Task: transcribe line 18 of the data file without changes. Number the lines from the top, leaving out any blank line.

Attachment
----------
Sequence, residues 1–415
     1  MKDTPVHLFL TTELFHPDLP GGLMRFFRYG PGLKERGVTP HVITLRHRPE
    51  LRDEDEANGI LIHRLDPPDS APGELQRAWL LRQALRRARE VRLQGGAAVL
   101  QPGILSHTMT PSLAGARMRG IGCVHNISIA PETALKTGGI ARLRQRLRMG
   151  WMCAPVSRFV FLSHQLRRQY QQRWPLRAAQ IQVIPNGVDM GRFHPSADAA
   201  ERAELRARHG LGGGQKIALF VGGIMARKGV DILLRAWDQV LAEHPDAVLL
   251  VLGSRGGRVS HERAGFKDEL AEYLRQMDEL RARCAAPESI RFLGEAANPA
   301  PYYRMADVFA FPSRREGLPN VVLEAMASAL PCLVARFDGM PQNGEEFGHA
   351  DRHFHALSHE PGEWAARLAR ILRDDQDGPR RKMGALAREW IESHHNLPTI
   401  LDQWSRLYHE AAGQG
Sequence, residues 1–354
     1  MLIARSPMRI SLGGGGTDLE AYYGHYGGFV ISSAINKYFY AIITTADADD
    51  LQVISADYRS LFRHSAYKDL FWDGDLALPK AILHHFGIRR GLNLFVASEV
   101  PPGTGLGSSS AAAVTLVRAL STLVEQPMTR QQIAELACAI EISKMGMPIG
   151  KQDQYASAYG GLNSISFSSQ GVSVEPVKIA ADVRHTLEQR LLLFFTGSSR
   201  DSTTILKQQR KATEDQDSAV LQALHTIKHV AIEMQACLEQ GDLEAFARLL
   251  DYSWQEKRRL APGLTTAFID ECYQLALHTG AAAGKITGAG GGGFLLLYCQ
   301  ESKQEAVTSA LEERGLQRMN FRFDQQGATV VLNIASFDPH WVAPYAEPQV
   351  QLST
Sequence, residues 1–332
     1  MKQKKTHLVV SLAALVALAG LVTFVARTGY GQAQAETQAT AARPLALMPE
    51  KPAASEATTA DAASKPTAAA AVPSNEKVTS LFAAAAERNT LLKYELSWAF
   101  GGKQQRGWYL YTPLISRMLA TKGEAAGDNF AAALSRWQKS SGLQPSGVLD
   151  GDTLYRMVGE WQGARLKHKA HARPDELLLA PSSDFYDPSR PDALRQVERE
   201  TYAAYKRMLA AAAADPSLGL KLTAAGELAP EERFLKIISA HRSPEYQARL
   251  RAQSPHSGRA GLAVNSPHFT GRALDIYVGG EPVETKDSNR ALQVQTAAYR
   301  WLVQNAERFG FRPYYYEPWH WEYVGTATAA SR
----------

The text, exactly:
   301  ESKQEAVTSA LEERGLQRMN FRFDQQGATV VLNIASFDPH WVAPYAEPQV